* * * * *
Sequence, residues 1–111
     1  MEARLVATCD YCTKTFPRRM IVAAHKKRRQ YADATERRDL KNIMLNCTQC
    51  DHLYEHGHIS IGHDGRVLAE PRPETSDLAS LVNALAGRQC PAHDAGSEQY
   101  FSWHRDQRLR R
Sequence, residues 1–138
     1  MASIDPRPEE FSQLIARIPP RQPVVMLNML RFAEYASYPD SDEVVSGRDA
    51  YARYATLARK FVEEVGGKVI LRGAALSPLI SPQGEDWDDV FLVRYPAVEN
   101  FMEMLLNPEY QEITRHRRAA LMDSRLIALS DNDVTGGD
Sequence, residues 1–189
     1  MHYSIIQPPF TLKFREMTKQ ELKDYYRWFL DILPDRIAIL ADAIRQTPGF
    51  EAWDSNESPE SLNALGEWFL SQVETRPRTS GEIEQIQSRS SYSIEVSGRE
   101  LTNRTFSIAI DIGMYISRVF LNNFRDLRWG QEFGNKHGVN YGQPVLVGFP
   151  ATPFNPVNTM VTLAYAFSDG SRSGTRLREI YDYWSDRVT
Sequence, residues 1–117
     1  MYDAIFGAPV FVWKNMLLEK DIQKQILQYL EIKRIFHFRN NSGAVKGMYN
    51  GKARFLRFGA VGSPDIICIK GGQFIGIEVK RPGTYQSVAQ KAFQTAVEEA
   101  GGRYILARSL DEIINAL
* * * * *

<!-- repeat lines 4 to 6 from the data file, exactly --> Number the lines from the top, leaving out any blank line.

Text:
   101  FSWHRDQRLR R
Sequence, residues 1–138
     1  MASIDPRPEE FSQLIARIPP RQPVVMLNML RFAEYASYPD SDEVVSGRDA